W3C home > Mailing lists > Public > public-webpayments@w3.org > April 2015

Re: decentralized wallets and payment processors

From: Dave Raggett <dsr@w3.org>
Date: Wed, 29 Apr 2015 14:47:46 +0300
Cc: Web Payments <public-webpayments@w3.org>
Message-Id: <E114DE07-8BA9-49AA-AB3C-A5FB89D36629@w3.org>
To: Melvin Carvalho <melvincarvalho@gmail.com>

> On 29 Apr 2015, at 13:37, Melvin Carvalho <melvincarvalho@gmail.com> wrote:
> 
> Dave, I've been thinking a lot about sync lately, during my testing phase.
> 
> I think traditional methods for sync here are not going to meet my needs.  I'm thinking more along the lines of UNIX IPC.  In particularly, shared memory and messaging.  
> 
> In the case of shared memory, two wallets will have the same URI and then merge when connections allow.
> 
> In the case of messaging wallets allow information to flow like water in a network.  This becomes more spontaneous.  I envision a web of wallets, a user may have many wallets all talking to each other and triggering things.  Your fridge may order food on your behalf when it gets low.  A family may have a shared area for photos and video, with payments triggered as more files are uploaded.  A person may track their work locally for analysis, then send a summary to employers and accountants etc.
> 
> Importantly, I no longer see a distinction between payment processor and wallet.  A payment processor to my mind is just a multi user wallet.  I like the wallet metaphor in this context.  It's not hard to create and destroy wallets spontaneously, to add block chain technology over the web, to deploy smart contracts in javascript and to have personal coinbases (aka currency mints) regulated via a ripple-like web of trust.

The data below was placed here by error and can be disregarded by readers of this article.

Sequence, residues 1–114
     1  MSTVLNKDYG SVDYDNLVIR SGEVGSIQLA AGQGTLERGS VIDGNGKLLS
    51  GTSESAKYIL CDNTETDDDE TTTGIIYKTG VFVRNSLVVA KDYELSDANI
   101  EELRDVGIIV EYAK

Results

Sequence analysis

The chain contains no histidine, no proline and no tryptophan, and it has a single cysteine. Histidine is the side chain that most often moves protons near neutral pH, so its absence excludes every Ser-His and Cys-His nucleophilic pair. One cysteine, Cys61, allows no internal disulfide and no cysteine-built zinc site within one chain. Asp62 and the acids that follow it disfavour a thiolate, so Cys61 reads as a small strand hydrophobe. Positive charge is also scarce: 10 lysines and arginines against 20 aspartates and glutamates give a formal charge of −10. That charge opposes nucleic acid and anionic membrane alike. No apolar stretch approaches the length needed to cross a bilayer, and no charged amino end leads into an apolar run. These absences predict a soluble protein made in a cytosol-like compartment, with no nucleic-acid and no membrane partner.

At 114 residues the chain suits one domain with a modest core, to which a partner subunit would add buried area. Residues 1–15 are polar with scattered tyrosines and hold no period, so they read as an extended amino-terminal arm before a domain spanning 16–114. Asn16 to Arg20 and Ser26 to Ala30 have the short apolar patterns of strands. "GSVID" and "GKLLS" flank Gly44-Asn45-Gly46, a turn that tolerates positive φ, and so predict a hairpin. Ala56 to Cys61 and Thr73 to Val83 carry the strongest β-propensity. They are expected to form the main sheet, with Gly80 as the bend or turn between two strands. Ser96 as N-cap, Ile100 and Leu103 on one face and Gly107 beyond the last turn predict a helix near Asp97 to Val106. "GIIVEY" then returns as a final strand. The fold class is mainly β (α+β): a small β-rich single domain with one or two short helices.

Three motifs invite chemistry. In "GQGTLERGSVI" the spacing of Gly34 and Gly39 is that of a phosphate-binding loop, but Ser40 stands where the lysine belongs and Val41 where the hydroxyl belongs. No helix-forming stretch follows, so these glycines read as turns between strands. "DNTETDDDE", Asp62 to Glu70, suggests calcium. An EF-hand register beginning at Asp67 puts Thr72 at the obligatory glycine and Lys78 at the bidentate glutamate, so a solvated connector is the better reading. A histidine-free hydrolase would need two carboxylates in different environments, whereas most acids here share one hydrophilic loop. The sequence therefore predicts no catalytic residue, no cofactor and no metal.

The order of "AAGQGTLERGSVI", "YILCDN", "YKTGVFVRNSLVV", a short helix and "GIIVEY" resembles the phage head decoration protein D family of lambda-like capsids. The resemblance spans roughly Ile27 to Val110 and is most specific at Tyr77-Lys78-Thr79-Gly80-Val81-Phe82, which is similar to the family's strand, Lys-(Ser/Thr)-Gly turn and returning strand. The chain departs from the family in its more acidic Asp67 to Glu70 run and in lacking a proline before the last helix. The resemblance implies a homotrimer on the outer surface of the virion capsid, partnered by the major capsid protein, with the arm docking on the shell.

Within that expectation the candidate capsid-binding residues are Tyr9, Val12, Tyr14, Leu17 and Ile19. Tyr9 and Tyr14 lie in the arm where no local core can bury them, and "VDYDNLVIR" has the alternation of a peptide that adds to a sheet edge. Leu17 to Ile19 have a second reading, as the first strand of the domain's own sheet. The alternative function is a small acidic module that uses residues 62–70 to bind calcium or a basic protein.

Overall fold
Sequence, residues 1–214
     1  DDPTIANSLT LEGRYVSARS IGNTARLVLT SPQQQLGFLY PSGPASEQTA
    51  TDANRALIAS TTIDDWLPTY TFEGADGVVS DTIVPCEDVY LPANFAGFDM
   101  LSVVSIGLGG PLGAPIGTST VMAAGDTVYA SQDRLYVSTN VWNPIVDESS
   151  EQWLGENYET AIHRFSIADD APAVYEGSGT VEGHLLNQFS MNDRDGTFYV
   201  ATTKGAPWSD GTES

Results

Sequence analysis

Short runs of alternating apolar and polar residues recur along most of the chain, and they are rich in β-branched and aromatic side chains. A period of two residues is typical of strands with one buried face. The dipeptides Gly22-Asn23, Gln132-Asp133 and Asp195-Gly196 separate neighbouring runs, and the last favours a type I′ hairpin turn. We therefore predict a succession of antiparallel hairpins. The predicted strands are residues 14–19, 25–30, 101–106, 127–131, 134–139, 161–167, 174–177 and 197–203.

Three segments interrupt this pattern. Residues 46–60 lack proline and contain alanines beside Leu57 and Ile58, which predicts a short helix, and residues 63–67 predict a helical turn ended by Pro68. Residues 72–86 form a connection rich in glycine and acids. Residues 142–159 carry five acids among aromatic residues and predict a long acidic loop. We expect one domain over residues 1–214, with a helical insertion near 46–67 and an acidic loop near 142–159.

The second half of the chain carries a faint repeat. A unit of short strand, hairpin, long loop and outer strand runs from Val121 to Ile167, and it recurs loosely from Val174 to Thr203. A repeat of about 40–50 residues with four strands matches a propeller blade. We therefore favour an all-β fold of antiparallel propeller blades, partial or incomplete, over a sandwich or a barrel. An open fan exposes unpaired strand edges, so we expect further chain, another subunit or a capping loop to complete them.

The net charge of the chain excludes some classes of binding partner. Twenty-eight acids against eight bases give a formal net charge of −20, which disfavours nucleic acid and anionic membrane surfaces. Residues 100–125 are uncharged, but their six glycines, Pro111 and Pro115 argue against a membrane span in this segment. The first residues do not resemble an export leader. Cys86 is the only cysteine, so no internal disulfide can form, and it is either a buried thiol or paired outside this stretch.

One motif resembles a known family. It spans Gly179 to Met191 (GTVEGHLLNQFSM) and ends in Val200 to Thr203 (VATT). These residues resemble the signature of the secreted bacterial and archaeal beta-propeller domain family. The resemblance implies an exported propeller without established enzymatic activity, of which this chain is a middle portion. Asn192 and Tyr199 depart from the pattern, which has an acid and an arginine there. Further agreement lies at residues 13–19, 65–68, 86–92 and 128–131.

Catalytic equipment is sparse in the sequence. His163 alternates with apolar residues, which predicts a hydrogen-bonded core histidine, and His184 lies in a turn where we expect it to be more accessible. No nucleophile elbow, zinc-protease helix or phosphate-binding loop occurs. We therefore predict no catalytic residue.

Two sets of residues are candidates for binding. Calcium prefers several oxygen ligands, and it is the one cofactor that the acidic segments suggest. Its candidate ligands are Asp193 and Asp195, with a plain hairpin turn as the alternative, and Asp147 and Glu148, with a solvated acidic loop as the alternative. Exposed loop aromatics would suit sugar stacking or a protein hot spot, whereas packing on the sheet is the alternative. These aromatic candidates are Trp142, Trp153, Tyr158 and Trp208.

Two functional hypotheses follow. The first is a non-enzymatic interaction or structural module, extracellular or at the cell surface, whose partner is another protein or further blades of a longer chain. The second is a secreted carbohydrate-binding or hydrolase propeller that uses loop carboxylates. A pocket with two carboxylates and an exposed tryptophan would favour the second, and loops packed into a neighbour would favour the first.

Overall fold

As Patrick recently pointed out the W3C Web Payments Activity is seeking to create a level playing field for many payment solutions. I see a distinction between wallets and the things they contain. Joerg Heuer provided a nice list of the different kinds of things that a wallet could contain. When it comes to synchronising a pair of wallets, an object oriented approach seems reasonable, where objects define and own their properties and methods. The wallet can merge its contents, but when it comes to merging payment instruments of the same kind, then this is something that the payment instrument should be responsible for handling, including resolving any conflicts that may occur.

> The reason I take the UNIX analogy is because I see the next gen of the web becoming much more like an operating system, than a browsing space.  Some of this may probably be suitable for v2.0 of the web payments spec.  But I probably will have it all coded up and working in an MVP by the time v1.0 is out.

It sounds like you are implementing a multi-user wallet for a specific payment solution. That would seem to be very different from the personal wallet with multiple payment instruments that the W3C Web Payments IG is chartered to work on.

Best regards,
—
   Dave Raggett <dsr@w3.org <mailto:dsr@w3.org>>




Received on Wednesday, 29 April 2015 11:48:12 UTC

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